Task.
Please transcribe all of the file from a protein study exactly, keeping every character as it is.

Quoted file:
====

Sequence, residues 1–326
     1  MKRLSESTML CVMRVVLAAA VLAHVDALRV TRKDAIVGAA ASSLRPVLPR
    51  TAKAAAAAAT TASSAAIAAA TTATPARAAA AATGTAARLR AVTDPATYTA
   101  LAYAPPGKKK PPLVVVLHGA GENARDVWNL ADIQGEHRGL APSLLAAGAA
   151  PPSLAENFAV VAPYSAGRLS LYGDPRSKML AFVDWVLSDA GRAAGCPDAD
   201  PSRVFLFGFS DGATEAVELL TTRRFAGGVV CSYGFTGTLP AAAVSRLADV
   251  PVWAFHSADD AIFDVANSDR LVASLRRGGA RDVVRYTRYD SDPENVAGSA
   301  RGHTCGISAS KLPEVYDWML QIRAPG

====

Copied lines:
Sequence, residues 1–326
     1  MKRLSESTML CVMRVVLAAA VLAHVDALRV TRKDAIVGAA ASSLRPVLPR
    51  TAKAAAAAAT TASSAAIAAA TTATPARAAA AATGTAARLR AVTDPATYTA
   101  LAYAPPGKKK PPLVVVLHGA GENARDVWNL ADIQGEHRGL APSLLAAGAA
   151  PPSLAENFAV VAPYSAGRLS LYGDPRSKML AFVDWVLSDA GRAAGCPDAD
   201  PSRVFLFGFS DGATEAVELL TTRRFAGGVV CSYGFTGTLP AAAVSRLADV
   251  PVWAFHSADD AIFDVANSDR LVASLRRGGA RDVVRYTRYD SDPENVAGSA
   301  RGHTCGISAS KLPEVYDWML QIRAPG